Freedom from Hunger Campaign in Wales

The Freedom from Hunger Campaign (FFHC) was originally conceived by Dr B.R. Sen (Director General of the United Nations Food and Agriculture Organisation at the time) in November 1959. It was then established as an organisation in the UK in 1961 with the support of the British Government. The headquarters of the FFHC UK were later moved to the Temple of Peace in Cardiff, Wales in 1978 to continue under the control of the Welsh Centre for International Affairs before the campaign’s dissolution in 1997.

The FFHC’s objectives included the relief of hunger and want throughout the world; to educate all on problems surrounding food and population; to increase the UK’s understanding of our own privileges and abilities to help those less fortunate; and to raise funds for agricultural development projects across under-developed countries.

Throughout its work, the FFHC was involved in international schemes across Africa, Asia, South America, Central America, the Pacific and the Middle East. They helped to increase agricultural yields; build infrastructure; implement new technologies; and teach management among other skills. In addition, the campaign also subsidised many smaller, less publicised grants in the UK to aid the growth of the development field. One of the larger and longest-term project was the Bihar Dairy Campaign between 1976 and 1997. The campaign successfully implemented dairy cooperatives in 30 villages across the region, which also included a follow up report during the period to determine the schemes continued success.

The Freedom from Hunger Campaign was so important in recognising and educating many on the differences between the Global North and Global South based on their privileges, food security and health. During the beginning of the campaign, the Global North had 25% of the world’s population but 80% of the worlds income, and an average life span of over 75. In comparison the Global South contained 75% of the population, 25% of the income and an average life spam of 50. These figures continue to this day, proving development organisations are needed to help fight inequality.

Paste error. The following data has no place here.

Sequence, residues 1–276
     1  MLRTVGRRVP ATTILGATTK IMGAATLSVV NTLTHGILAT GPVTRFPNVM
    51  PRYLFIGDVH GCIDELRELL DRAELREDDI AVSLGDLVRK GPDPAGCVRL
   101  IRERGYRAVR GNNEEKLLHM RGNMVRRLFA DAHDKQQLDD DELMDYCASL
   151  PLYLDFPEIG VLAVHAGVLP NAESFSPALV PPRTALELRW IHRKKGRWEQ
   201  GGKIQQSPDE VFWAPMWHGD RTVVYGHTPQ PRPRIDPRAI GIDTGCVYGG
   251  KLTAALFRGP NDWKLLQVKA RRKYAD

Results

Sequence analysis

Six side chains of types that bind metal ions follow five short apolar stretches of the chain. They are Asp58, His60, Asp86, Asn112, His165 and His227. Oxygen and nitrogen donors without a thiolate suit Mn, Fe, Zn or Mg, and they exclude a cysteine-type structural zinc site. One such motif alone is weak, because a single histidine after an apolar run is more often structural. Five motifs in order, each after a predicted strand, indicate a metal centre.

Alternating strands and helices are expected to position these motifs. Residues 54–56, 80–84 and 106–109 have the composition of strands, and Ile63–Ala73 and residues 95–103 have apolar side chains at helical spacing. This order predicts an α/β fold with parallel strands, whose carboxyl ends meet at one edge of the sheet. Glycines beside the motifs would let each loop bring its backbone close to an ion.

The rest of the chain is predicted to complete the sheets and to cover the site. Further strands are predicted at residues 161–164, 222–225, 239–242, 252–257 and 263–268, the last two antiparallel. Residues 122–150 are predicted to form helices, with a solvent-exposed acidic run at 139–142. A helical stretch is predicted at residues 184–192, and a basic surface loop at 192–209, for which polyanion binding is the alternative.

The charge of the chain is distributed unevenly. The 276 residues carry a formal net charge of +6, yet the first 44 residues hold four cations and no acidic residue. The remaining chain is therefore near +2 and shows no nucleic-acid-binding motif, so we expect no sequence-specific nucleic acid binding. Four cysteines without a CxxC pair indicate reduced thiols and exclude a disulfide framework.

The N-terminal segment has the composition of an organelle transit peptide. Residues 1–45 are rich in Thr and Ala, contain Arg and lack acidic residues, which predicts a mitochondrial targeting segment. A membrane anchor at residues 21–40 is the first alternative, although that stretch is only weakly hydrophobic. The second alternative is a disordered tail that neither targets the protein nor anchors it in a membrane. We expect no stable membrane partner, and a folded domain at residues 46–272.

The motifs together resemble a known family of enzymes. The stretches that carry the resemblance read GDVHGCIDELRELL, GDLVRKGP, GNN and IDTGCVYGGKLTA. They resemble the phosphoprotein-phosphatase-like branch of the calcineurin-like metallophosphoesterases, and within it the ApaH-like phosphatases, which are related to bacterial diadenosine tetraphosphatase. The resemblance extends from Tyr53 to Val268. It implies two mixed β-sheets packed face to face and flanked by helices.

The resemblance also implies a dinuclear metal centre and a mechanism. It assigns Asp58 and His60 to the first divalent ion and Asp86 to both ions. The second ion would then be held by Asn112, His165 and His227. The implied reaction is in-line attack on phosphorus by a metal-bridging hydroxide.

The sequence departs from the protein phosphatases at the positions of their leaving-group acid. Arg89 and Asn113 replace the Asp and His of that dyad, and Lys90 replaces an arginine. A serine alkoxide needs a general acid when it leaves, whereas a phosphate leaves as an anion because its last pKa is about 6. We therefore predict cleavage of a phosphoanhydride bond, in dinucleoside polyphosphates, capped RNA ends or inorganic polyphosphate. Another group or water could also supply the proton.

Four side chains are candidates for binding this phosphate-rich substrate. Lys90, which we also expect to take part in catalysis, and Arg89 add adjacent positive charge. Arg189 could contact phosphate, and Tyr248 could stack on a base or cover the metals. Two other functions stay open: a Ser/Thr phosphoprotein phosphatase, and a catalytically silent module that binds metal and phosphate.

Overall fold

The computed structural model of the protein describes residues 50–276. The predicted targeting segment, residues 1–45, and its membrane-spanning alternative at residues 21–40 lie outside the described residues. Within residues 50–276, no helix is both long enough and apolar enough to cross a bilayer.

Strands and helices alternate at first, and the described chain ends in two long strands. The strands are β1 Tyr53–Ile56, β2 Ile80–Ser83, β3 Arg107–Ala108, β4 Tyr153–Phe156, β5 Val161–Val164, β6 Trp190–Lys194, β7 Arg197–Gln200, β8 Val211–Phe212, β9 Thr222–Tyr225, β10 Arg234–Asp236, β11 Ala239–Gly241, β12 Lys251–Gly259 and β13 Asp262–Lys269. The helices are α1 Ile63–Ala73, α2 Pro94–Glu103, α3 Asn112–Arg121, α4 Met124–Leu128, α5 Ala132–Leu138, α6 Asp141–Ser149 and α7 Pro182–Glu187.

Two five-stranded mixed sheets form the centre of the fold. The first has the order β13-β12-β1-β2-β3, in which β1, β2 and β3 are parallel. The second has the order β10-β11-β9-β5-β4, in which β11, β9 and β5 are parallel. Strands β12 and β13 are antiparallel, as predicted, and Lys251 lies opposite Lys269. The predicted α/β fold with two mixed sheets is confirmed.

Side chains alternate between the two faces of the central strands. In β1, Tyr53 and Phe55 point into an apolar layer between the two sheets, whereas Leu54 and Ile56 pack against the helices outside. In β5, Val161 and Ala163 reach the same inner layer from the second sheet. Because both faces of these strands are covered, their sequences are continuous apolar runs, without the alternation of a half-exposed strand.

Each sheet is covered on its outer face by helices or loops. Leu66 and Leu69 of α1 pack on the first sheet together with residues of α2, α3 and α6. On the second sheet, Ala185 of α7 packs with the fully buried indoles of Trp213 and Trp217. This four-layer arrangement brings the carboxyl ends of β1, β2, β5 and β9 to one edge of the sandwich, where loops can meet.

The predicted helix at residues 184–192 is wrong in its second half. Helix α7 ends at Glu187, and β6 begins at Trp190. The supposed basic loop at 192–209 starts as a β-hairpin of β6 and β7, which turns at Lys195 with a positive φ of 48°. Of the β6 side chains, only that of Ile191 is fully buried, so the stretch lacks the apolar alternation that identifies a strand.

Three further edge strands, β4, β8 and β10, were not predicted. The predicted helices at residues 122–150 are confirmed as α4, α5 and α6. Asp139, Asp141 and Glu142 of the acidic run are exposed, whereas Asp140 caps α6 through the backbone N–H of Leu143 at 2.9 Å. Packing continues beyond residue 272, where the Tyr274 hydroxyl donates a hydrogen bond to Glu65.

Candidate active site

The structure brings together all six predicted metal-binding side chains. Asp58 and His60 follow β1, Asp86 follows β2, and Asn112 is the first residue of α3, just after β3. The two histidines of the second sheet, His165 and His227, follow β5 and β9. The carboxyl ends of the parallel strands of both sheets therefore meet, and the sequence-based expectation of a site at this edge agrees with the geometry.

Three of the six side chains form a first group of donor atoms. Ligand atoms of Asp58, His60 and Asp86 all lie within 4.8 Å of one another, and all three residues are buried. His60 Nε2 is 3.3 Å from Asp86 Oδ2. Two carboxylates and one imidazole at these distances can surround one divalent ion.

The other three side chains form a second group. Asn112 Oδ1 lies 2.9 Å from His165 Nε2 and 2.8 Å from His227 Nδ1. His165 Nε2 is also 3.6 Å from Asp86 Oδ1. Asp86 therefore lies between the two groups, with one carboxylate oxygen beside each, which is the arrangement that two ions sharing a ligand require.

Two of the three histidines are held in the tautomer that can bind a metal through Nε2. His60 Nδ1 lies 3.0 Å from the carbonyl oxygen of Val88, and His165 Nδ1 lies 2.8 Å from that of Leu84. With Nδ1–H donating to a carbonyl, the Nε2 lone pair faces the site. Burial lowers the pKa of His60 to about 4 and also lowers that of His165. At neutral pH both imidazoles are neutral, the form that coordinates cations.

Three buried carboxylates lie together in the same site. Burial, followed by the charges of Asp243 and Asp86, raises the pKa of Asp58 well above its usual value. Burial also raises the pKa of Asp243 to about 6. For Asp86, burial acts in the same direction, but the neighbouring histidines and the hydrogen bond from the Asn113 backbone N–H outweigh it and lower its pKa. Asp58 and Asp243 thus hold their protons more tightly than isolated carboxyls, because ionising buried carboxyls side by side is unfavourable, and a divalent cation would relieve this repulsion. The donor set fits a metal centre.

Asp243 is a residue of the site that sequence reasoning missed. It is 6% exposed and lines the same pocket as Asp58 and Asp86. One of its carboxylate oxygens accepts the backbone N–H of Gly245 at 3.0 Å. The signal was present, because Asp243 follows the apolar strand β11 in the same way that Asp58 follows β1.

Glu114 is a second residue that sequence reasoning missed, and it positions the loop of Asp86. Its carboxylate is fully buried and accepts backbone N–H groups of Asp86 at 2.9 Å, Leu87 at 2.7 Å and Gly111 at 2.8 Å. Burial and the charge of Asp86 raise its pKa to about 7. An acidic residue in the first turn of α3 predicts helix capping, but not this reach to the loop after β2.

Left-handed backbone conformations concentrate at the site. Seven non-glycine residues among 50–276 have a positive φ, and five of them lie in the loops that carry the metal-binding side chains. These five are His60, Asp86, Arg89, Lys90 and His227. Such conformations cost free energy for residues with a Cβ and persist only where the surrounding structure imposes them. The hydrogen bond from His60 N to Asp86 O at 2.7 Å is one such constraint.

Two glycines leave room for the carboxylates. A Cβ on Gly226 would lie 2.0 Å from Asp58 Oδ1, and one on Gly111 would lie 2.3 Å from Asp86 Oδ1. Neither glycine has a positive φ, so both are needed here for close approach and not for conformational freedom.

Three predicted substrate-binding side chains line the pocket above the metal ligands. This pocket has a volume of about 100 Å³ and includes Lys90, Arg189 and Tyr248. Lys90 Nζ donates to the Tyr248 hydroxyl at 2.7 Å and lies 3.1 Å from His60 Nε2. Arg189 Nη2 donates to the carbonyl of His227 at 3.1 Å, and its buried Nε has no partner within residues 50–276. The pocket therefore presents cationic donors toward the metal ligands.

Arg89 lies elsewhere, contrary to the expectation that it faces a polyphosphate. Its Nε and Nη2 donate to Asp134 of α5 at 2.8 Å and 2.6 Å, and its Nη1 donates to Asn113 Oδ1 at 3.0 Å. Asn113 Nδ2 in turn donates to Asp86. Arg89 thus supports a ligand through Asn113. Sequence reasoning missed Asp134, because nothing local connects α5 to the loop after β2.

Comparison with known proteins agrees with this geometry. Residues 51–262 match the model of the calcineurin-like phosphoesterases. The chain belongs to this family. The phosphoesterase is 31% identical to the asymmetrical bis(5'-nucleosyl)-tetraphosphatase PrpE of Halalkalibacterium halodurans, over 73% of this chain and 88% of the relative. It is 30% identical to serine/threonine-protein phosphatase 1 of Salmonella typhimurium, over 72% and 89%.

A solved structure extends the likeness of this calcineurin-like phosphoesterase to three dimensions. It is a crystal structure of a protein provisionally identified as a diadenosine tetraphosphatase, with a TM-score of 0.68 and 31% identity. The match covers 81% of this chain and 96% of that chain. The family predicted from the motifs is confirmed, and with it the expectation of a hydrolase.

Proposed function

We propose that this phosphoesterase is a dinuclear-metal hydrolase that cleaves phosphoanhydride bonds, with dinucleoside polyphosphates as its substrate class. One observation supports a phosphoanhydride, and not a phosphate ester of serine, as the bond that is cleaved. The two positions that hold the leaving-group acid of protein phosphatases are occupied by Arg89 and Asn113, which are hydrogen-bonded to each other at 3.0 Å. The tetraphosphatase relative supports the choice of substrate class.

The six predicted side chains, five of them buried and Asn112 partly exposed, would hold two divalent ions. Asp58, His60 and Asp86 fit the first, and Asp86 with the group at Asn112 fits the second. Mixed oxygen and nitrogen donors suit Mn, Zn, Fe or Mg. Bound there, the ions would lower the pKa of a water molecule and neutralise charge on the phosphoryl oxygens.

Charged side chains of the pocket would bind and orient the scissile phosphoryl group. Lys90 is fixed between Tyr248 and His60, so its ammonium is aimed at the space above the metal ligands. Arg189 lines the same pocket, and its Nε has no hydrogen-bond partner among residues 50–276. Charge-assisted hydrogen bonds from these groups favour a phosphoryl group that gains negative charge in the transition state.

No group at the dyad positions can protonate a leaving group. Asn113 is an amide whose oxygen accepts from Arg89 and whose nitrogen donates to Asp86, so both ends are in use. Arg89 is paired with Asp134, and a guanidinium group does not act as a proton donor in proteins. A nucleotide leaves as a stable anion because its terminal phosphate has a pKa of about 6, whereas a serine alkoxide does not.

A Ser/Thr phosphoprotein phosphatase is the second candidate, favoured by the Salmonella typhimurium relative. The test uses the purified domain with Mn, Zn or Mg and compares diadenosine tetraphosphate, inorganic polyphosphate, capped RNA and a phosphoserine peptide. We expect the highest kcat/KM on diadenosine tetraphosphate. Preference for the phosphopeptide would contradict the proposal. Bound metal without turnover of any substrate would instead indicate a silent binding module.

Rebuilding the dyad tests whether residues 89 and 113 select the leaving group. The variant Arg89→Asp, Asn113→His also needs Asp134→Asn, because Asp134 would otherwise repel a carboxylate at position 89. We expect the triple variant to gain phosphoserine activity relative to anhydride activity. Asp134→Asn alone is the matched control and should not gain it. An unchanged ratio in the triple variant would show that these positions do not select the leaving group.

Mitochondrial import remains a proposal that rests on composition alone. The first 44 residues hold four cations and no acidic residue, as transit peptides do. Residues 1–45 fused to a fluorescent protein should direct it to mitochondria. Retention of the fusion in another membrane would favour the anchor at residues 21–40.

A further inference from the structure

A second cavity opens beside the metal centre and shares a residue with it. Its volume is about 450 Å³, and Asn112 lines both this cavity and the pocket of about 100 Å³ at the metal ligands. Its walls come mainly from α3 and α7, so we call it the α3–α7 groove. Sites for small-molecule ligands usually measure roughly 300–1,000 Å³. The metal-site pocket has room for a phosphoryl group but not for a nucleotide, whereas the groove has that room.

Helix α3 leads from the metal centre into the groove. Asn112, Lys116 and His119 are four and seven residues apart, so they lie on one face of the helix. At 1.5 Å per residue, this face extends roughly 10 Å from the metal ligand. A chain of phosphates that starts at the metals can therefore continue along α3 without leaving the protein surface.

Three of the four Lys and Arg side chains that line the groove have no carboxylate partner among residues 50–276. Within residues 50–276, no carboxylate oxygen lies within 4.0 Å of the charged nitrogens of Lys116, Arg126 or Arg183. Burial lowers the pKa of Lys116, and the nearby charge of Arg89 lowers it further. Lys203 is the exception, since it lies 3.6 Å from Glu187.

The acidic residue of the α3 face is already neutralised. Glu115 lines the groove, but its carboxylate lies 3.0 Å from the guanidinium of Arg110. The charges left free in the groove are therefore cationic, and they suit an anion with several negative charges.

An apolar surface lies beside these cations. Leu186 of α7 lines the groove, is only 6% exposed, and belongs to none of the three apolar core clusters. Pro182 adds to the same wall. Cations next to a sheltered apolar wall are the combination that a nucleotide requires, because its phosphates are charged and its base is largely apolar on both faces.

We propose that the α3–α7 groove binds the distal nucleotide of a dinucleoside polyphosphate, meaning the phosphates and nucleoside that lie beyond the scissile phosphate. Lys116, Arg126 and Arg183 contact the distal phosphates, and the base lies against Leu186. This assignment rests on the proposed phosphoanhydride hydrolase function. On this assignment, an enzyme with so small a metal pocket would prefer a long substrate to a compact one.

1970s Panama Development Education Project, Wales Freedom from Hunger Campaign
1969MauritiusYouth to youth programme for children in Wales to raise funds for an agricultural programme
1976Malawinutritional project
1976-97Bihar, Indiadairy project
1976-88Uttar PradeshDairy improvement
1979Lesothocredit to young farmers to start small projects to relieve hunger and self employment
1981Zimbabwenutrition materials
1981IndoreWomen vocational Training
1981DehliWeaving project
1981SinaiWater development
1981-84ZambiaWater for farmers
1984Ethiopiaagricultural development
1985TanzaniaTraining materials (friends of urambo and Mwanhala) for student courses and training mechanics
1986Tanzaniagrain borer project
1987KenyaGoat rearing project
1989Sierra LeoneSeeds and fertilisers
1989-90ZimbabweDairy development
1991New CaledoniaNutrition
1991Malichildren nutritional work
1991-1993KenyaIT women’s stove project
1992-96West BengalSpirulina project to increase growth rate
1993BangladeshSelf-sustainable leaf crops
1993Tanzaniamachinery and transport for crops
1993Madagascarenvironmentally sound farming methods
1994-97Thailandfunded a volunteer working there
1995Madagascarpoultry production
1995Rwandawater, sanitation, nutrition, food security
1995Tanzaniatech support
1995Zimbabweagricultural training and water project
1995-97GhanaSuame scholarship scheme
1997Indonesiamanagement skills for village leaders and garden development
1995-97PeruBuild seed stores to strengthen food security, create videos on management and strengthen institutional coordination of water irrigation and management. Ongoing supportive work of the government’s ministry of agriculture
1997MaliWells (with UNICEF)
1997ZimbabwePoultry project and draught mitigation trained 20 participants